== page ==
They are two of the strongest, if not the strongest, application design programs in the current digital landscape. But in DIGITAL55 we are discovering that we like Sketch more. Why?
Regarding the design of web and mobile applications, some of the advantages are obvious:
- For starters, the interface is much cleaner and more manageable than Photoshop. This difference, a priori, seems to not be important. In the day-to-day, however, it translates into comfortable work and economic time use, thus cultivating an ideal environment for the mobile UI. Ultimately, it leads to absolute fidelity for the user.
- To continue, Sketch is much cheaper (99 USD, versus monthly payments for Photoshop). And it’s also lighter: Sketch occupies 52 MB while Photoshop uses 1.6 GB.
- In addition, every day there are more resources available to make the most of Sketch. There are frequent updates, and more and more plugins appear to facilitate the design. https://labs.invisionapp.com/craft, for example, is a plugin that allows people to populate designs, duplicate, generate styles, and so on. Although it is true that this is also available for Photoshop, some features are unique to Sketch.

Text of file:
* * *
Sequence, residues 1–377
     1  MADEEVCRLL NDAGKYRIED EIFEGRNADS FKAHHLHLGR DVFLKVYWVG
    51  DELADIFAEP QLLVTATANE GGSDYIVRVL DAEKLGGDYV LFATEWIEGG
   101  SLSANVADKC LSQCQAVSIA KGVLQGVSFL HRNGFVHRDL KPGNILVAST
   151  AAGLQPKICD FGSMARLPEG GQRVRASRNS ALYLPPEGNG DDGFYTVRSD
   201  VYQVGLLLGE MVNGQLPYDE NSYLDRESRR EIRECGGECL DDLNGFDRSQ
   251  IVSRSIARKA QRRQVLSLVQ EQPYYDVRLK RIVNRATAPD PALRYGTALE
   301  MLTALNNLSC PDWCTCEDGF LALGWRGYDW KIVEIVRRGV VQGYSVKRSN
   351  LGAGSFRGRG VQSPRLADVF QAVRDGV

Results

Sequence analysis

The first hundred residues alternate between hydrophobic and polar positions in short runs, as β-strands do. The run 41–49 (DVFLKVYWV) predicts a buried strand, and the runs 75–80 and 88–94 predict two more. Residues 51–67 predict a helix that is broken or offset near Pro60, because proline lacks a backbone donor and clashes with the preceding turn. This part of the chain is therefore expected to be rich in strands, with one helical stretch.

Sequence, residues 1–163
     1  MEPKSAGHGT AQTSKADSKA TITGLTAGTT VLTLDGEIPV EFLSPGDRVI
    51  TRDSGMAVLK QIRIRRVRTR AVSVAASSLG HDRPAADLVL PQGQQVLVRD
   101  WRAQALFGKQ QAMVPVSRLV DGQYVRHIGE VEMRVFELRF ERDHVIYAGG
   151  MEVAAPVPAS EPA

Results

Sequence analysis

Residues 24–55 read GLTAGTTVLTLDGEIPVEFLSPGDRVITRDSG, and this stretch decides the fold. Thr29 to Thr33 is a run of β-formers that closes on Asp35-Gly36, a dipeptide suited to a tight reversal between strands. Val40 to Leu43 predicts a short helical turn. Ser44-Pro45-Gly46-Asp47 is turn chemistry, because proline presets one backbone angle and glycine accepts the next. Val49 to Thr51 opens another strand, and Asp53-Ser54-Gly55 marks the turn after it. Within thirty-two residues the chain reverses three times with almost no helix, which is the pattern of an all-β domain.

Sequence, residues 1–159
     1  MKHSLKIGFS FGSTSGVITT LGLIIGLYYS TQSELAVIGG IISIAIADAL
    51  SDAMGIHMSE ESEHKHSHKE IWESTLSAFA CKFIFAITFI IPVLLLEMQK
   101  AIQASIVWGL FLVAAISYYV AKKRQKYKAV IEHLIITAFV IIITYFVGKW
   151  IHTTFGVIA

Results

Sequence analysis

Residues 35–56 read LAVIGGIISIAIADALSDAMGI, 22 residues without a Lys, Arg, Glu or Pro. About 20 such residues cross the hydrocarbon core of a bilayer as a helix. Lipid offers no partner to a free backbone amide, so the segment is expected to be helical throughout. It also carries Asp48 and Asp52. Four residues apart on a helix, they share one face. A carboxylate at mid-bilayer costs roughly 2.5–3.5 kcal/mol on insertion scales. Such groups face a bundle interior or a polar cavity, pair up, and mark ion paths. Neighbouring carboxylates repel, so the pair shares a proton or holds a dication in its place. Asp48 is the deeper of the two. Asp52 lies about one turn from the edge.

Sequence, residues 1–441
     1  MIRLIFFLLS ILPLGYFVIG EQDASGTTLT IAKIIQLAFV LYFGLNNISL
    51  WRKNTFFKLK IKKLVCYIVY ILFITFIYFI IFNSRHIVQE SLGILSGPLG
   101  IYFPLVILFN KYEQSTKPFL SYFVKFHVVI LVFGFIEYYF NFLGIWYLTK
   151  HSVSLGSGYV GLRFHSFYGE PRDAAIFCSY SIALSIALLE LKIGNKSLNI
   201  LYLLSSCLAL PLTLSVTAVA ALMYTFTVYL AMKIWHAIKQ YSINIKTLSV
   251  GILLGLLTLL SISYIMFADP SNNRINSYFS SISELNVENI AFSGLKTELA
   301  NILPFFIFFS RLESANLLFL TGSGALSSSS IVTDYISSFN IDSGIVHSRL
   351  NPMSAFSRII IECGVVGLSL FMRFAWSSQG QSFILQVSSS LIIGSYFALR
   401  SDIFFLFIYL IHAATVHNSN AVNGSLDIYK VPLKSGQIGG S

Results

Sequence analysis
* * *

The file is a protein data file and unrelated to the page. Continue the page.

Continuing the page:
- Fourth, technical support responds quickly (if not immediately). Reporting an error is a seamless process.
- Fifth, Sketch only works with pixels. Regarding applications, other measures such as centimeters, millimeters, and picas provide no additional utility …
- In Sketch, however, there are no 3D tools available (or many others), but the truth is that they are not necessary. It is true that in Photoshop there is greater variety, but many tools are only useful in photo retouching and other types of compositions that have nothing to do with apps. Using eraser or proofing tools proves useless in prototyping mobile applications.
- And, finally, Cmnd Z; Cmnd C; Cmnd V … Do they sound familiar? Exactly: undo, copy, paste … The commands are familiar to any Mac user.
For us, it is clear: Sketch fits like a glove for the needs of web and mobile application design. While Photoshop is still popular in drawing and photography, it is inferior for apps.